Bladder Cancer Overview

In the United States There are more than 67,000 new cases and approximately 13,700 deaths related to bladder cancer each year. Bladder cancer is the fourth most common cancer among men. It is less common among women, with a ration of 3:1(men: women). The incidence of bladder cancer increases with age.

The Bladder is a hollow organ positioned in the lower abdomen. It primarily collects and stores urine produced by the kidneys. As the bladder fills with urine, it expands increasing in size. On reaching its capacity of urine voluntary contraction allows the urine to be expelled from the bladder. The urine flows through a narrow tube called the urethra, leaving the body.
Types of cancers
The bladder walls are formed of different cells. Cells lining the internal walls are most likely to develop cancer. Bladder cancers are classified by how deep they invade the bladder wall. Physicians tend to classify bladder cancer as superficial or invasive. Resulting bladder cancers are named after their cell types
  • Urothelial carcinomas – Also known as transitional cell carcinoma is the most common type of bladder cancer in the United States. It accounts for more than 90% of bladder cancers. These transitional cells are cells forming the innermost lining of the bladder wall. In transitional cell carcinoma these cells undergo changes, metastasizing.
     
  • Squamous cell carcinomas – These are less common, occurring in patients with chronic mucosal irritation (bladder inflammation). The inflammation may have occurred many months/years prior. These cancer types are invasive.
     
  • Adenocarcinomas – These cancers result from cells that compose the glands. Most adenocarcinomas are also invasive and usually detected after they have already invaded the bladder wall.
Symptoms
  • Unexplained hematuria (blood in urine)
  • Frequent urge to urinate (burning sensation)
  • Pelvic pain
  • Low back pain

 Risk Factors

  • Smoking – is the most common risk factor, causing more than 50% of all new cases
  • Exposure to chemicals in the work place
  • Analgesic abuse (Phenacetin) – Pain and discomfort are mostly treated with (OTC) over the counter analgesic type medications. Even though these drugs are relatively safe, can cause serious side effects. Phenacetin and products containing phenacetin have been shown in to be carcinogenic.
Diagnosis
Usually, if your physician suspects bladder cancer a urine cytology and cystoscopy with abnormal cell biopsy will be done. A cystoscopy is a test allowing your doctor to view the interior lining of the bladder. The procedure is performed in an outpatient setting administering local or general anesthesia. A rigid or flexible fiberoptic instrument (Cystoscope) is inserted into the urethra and advanced into the bladder. The doctor is able to remove samples (biopsy) of tissue for examination by inserting tiny surgical instruments through the cystoscope. Complications may involve excessive bleeding, UTI and bladder perforation.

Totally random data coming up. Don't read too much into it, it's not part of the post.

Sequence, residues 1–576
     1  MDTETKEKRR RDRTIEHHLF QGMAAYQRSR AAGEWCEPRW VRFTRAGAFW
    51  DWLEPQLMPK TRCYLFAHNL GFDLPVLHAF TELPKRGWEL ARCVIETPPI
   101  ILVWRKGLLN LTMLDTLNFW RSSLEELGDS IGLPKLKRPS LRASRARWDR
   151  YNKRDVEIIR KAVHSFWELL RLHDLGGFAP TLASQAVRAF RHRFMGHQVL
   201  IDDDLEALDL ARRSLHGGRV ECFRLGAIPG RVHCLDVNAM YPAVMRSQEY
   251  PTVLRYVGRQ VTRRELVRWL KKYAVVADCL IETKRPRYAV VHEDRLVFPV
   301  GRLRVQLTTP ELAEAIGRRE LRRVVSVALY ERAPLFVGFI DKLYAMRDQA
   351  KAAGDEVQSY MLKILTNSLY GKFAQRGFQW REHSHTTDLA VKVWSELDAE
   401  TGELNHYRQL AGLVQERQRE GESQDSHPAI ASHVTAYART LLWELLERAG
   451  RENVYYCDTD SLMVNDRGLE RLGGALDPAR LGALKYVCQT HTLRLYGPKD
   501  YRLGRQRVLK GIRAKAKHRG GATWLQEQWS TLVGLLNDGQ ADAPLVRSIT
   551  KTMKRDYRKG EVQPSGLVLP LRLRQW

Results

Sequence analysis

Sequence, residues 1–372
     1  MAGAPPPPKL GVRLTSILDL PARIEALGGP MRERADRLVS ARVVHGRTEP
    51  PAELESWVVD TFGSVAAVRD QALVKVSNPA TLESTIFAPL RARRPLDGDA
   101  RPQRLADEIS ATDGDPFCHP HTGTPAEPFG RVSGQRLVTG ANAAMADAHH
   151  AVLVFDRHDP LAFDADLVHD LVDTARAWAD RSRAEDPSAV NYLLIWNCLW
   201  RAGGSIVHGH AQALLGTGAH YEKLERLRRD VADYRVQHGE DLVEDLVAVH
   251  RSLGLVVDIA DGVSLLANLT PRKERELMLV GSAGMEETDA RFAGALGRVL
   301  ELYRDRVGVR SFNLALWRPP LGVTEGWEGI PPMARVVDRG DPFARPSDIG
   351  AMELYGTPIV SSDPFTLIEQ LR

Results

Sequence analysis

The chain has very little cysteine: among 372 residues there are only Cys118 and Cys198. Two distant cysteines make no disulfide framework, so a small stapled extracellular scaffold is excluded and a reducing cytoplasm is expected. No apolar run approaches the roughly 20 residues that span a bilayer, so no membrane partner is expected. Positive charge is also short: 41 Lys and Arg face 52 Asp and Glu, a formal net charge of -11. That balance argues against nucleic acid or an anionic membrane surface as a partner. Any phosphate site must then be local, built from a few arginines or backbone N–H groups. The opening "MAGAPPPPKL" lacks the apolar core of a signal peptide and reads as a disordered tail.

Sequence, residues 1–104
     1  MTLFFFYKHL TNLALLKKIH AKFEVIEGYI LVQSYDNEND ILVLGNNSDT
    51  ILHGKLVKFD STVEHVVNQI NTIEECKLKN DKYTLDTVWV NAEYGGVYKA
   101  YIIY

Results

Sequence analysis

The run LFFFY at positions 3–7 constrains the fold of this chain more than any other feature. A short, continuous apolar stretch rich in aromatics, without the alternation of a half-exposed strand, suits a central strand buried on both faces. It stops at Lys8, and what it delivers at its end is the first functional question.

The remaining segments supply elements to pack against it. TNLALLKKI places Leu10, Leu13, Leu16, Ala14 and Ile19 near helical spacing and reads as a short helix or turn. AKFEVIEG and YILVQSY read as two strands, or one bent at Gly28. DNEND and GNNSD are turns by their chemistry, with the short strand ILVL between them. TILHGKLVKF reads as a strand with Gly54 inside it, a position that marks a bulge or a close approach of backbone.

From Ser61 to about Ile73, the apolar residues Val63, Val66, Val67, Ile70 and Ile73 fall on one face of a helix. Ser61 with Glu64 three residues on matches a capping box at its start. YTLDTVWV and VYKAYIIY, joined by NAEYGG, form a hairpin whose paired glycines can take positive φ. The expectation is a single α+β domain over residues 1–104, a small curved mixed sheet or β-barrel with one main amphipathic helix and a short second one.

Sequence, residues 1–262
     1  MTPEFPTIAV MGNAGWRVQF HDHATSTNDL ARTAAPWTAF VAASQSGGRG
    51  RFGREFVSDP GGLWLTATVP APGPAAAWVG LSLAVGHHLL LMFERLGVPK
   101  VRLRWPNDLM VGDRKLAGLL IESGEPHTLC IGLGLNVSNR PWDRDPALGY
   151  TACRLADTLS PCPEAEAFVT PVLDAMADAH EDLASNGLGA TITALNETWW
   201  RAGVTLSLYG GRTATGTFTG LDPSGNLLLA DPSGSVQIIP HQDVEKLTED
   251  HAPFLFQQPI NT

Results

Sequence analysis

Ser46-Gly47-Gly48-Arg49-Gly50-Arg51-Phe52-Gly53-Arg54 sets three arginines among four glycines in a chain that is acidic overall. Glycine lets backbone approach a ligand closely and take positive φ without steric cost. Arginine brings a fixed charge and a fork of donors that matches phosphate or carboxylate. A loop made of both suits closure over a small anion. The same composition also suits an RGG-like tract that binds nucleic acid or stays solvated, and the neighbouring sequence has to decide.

Treatment
  1. Transurethral resection: This is a surgical procedure used to diagnose and remove cancerous tissue from the bladder. Superficial cancers are completely removed by transurethral resection. Administration of chemotherapeutic drugs may reduce the risk of recurrence.
  2. Cystectomy: Is the surgical removal of part or the entire bladder. This procedure treats cancer that has penetrated the bladder wall or recurred following previous treatments. Cystectomies are of two categories
    1. Partial Cystectomy is removal of part of the bladder
    2. Radical Cystectomy is removal of the entire bladder and surrounding tissues containing cancer cells
What to expect after Surgery
Generally, Cystectomy requires a hospital stay of up to 7 days. Patients will experience some discomfort which can be minimized with medication. Full recovery may take up to 6-8weeks. Immediately following surgery, once your bladder is removed, your surgeon would have to create a channel for you to void urine from your body. Urinary diversion involves routing urine through an ileal conduit to an abdominal stoma and collecting it in an external drainag
  • An ileal conduit is created from a segment of your intestine connected to a stoma (Opening) in your abdomen. Urine passes from the ureter through the ileal conduit to a plastic bag attached to your body. Content collected on the bag would have to be emptied up to 4 times a day.
     
  • A continent reservoir uses part of your intestine to form a storage pouch attached inside your abdominal cavity. Two types of internal continent reservoirs exist.
     
  • Abdominal diversion reservoir - The reservoir is connected to a continent abdominal stoma. Patients are able to empty the reservoir by self-catheterization at regular intervals throughout the day.
     
  • Orthotopic diversion - The reservoir is connected to the urethra. Patients are able to empty the reservoir by relaxing the pelvic floor muscles and increasing abdominal pressure. The urine passes through the urethra almost naturally. Further treatment may be required following surgery and may include radiation therapy or chemotherapy. Patients unsuited for surgery or if refused, radiation therapy alone or with chemotherapy may provide 5-yr survival rates of 20 to 40%. Patients are monitored 3 to 6 months for progression and recurrence.